There are multiple tools and methods you can use to provide an outstanding experience for your customers, especially when you sell globally. However, not many of them might be as important as hreflang tags since they influence not only customers' experience but SEO as well.
At the same time, hreflang tags are one of the most confusing factors of international SEO. It is not as easy to implement as it is to make a mistake that can cost you brand visibility, targeting and ranking.
So, before you start implementing these tags, you have to review the most common hreflang mistakes, to know how to prevent or fix them.
In this article, you will review the examples of hreflang tags with errors and learn how to avoid them. Moreover, if you’re in a Magento 2 world, you will find a solution for most hreflang mistakes that allows you to implement hreflang tags in a few clicks.
Shall we start?
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No Return Hreflang Tags
When you add hreflang tags to your website pages, you have to remember that all of them have to contain the return tags. Otherwise, you might see the “No Return Tags” issue notice in Google Search Console.
What does it mean?
If you have three alternative pages, you can’t add hreflang tags to only one of them and expect it to work out. In other words, Page A should have links to Pages B and C, while Page B should link to Page A and C, etc.
You get the idea.
Search engines analyze all pages. So, all pages you have set hreflang tags for should cross-reference each other. Check if your original page has links to alternative pages and vise versa not to confuse the search crawlers.
No Self-referencing Tags
Missing self-referencing hreflang tags is the second most common hreflang mistake a lot of websites face. Though you double-check it a few times and make sure to add return tags from all pages, don’t forget about self-referencing hreflangs.
This error is considered to be a source-code issue and may lead to misinterpretation and indexing issues. Thus, except for all alternative pages, the original page should link to itself, including the language and country code, if applicable.
Wrong Country/Language Codes
Google and other search engines analyze language and language-country matches to decide which page to pull out for localized search queries.
ISO language and country codes are globally recognized codes you should use for hreflangs. Otherwise, it will be hard for Google to interpret your international website. Besides, a great deal of hreflang tags with errors appear because of the country code misuse.
Remember, you can use language code without county code, but not the other way around. Moreover, as it was already said, Google analyses language match first. So, language code should always come before country code.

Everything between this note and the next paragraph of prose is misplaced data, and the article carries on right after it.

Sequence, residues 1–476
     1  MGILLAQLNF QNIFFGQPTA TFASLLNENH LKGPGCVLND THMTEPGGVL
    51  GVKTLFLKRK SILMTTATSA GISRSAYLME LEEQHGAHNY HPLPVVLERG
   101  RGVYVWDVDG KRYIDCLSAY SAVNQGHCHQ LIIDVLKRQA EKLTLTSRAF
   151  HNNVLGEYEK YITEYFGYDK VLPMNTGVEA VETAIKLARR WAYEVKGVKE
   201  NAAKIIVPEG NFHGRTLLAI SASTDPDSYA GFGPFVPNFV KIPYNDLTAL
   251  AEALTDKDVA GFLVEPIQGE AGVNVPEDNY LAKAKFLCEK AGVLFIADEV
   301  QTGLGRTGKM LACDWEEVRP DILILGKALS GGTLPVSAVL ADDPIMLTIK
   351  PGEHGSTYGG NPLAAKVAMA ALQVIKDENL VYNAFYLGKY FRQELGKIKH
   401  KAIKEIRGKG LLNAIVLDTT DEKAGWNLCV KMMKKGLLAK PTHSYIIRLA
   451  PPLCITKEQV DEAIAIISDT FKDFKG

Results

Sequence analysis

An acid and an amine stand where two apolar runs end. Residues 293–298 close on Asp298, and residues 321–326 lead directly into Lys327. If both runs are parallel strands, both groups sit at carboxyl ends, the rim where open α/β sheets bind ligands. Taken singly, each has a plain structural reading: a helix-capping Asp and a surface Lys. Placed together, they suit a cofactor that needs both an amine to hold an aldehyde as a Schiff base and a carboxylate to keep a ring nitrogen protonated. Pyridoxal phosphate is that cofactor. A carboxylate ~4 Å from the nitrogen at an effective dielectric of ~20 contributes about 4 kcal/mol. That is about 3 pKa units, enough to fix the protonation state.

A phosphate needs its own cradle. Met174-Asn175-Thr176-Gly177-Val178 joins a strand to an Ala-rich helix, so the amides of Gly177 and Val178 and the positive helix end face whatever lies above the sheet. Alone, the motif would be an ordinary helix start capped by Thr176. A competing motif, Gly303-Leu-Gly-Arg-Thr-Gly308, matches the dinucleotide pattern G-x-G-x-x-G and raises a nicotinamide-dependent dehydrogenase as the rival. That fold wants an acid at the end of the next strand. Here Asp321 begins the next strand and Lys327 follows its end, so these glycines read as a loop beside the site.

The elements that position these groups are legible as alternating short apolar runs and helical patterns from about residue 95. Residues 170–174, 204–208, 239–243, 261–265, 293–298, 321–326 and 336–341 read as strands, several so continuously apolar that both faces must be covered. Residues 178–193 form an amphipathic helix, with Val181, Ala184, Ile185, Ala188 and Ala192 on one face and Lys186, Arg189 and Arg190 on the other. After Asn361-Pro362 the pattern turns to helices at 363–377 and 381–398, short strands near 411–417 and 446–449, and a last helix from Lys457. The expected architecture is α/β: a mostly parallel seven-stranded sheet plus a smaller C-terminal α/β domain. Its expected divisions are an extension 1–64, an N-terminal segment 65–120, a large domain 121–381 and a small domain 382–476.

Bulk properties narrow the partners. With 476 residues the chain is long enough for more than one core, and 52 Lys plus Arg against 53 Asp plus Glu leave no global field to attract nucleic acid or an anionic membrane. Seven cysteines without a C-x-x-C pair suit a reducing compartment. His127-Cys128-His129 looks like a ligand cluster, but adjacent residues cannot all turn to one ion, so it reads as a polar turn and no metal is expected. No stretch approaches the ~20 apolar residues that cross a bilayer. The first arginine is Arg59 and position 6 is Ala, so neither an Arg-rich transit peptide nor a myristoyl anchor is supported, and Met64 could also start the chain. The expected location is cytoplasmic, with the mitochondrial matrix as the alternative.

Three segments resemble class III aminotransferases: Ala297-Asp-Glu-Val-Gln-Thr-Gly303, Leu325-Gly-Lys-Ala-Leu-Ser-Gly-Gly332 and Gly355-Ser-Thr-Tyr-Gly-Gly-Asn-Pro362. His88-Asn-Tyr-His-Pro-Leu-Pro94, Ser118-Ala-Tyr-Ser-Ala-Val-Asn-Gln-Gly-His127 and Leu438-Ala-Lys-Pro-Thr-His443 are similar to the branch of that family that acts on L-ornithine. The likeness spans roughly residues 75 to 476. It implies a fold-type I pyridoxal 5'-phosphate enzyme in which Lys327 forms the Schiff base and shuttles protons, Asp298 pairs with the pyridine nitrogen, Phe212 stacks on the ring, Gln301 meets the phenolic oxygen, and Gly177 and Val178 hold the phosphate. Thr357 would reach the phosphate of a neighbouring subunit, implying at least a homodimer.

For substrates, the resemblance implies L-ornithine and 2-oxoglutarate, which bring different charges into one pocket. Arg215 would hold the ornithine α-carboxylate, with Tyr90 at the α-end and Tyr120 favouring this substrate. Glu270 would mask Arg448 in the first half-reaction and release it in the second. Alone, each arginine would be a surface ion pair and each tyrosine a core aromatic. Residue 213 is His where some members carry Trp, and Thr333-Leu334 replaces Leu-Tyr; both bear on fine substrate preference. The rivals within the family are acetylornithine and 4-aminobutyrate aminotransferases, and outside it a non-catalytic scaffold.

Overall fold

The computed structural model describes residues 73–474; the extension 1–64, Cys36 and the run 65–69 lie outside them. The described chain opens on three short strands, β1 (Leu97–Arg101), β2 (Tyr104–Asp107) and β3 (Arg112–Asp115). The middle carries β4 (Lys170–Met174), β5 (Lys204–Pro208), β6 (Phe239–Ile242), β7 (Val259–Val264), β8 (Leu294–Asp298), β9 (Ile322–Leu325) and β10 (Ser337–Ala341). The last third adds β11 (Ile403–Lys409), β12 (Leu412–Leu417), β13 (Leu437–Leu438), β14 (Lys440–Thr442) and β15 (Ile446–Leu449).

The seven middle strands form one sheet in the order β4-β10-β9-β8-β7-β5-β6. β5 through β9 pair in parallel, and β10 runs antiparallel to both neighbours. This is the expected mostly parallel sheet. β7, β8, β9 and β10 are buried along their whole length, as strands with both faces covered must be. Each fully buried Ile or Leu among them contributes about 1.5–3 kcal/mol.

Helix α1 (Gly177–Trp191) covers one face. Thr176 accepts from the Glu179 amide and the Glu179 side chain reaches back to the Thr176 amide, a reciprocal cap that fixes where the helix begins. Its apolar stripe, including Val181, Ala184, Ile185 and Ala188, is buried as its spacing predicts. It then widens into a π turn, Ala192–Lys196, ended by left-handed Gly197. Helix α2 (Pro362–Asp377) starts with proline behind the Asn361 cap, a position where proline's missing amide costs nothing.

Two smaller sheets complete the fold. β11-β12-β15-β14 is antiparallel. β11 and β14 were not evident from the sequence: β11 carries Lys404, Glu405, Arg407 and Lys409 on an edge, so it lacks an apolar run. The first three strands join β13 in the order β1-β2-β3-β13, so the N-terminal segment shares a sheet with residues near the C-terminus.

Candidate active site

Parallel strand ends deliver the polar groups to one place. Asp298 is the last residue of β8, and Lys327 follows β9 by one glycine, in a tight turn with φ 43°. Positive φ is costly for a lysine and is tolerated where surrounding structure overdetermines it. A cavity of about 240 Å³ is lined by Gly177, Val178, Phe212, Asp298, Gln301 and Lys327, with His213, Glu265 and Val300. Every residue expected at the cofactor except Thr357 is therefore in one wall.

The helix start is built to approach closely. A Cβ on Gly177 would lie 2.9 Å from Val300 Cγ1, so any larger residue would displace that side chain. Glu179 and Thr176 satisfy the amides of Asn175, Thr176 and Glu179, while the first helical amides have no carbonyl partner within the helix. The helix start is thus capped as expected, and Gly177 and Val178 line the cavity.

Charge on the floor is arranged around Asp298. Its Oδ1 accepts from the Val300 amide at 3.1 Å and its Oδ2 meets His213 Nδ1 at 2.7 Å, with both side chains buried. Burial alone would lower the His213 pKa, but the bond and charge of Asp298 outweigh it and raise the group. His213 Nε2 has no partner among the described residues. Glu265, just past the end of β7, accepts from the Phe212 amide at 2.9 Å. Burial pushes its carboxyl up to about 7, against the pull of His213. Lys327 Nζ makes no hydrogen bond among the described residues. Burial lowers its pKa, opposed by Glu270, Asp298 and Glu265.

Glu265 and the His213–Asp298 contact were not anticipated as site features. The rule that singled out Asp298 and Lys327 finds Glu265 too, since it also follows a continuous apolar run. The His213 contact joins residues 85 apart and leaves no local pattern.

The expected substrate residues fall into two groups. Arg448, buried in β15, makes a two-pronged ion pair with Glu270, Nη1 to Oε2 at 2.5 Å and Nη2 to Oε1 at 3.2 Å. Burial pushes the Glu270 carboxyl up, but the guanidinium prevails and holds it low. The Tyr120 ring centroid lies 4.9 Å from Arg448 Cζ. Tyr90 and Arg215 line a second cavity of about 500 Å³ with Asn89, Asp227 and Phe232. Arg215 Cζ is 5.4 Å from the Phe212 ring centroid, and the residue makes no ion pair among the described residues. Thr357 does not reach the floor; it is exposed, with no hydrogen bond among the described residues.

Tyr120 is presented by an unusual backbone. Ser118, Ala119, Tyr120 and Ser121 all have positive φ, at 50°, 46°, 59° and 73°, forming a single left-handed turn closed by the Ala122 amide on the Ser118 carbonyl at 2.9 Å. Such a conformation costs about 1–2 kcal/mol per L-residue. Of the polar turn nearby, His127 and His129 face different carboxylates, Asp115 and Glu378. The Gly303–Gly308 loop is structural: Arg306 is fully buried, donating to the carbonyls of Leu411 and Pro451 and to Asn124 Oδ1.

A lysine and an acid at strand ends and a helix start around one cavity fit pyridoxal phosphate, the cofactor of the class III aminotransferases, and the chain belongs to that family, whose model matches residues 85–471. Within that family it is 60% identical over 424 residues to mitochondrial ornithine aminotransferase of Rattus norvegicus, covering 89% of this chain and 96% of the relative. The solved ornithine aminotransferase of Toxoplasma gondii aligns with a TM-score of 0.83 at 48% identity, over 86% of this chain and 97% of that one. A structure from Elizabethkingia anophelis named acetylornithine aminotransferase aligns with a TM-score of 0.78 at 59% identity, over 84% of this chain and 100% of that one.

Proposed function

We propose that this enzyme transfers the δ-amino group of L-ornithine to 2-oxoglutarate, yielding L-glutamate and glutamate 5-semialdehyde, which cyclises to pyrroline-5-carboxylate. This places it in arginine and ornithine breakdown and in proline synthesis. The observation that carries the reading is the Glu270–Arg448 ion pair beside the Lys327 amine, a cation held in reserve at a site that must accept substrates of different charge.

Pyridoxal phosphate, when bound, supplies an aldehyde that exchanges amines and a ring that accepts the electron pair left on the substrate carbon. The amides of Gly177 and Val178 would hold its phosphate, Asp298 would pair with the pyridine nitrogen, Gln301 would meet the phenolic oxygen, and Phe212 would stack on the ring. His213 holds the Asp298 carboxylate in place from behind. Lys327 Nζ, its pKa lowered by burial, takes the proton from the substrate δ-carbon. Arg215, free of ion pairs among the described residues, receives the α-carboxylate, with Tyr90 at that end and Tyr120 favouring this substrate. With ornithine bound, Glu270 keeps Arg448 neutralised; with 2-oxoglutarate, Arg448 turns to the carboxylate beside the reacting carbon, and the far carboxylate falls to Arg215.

After all, you add hreflang tags to almost all pages of your website. Imagine how it would feel to find out you have to edit all of them because of a small language code mistake.
Make sure to take time and double-check the language and region codes before adding hreflangs to your website pages.
Hreflang Tags Punctuation Errors and Typos
Surprisingly, almost all hreflang mistakes are related to the language and county codes. Even if you're using the right ISO codes in the right order, you should also pay attention to the punctuation and typos.
Though some technicians tend to use underscore "_", it is not the way it should be with hreflang tags. Always use dashes "-", regardless of the method you implement hreflang tags with, to avoid any indexing errors.
Another issue that confuses the search engines and may prevent your page from ranking is typos in language or country codes.
There is no precaution for this, but if you mistakenly set "fi" code for a french-language page, it can have a result opposite to what you expect. So, any mismatch between the language code and the language of the page can lead to issues.
Keep that in mind when implementing hreflang tags.
Missing X-default Tag
The x-default tag tells that a page doesn’t target any specific language or region. It is the page search engines should resort to when there is no language and country match for the customer's request.
For example, you have pages in English, French and German and all of them cross-reference each other. When Spanish-speaking customers from Spain type a search request Google has to find relevant results for them.
Since you only have hreflang tags to English, French and German languages, it may struggle to choose what page to pull out. Google will display some of these three languages eventually, but it might not serve your intend.
To avoid this and ensure your customers receive the best experience, specify the international or default page with the x-default tag. While it is not obligatory, it still has certain SEO value.
Invalid Hreflang URLs
Once hreflang tags are placed in the page code, they are indexed and analyzed by bots that search for relevant results. They help search engines to understand the relationship between your pages and correspondingly provide localized search results.
Hreflang tags alone are complicated for most of us out there. Imagine how complicated they can be when alternate links lead to broken pages.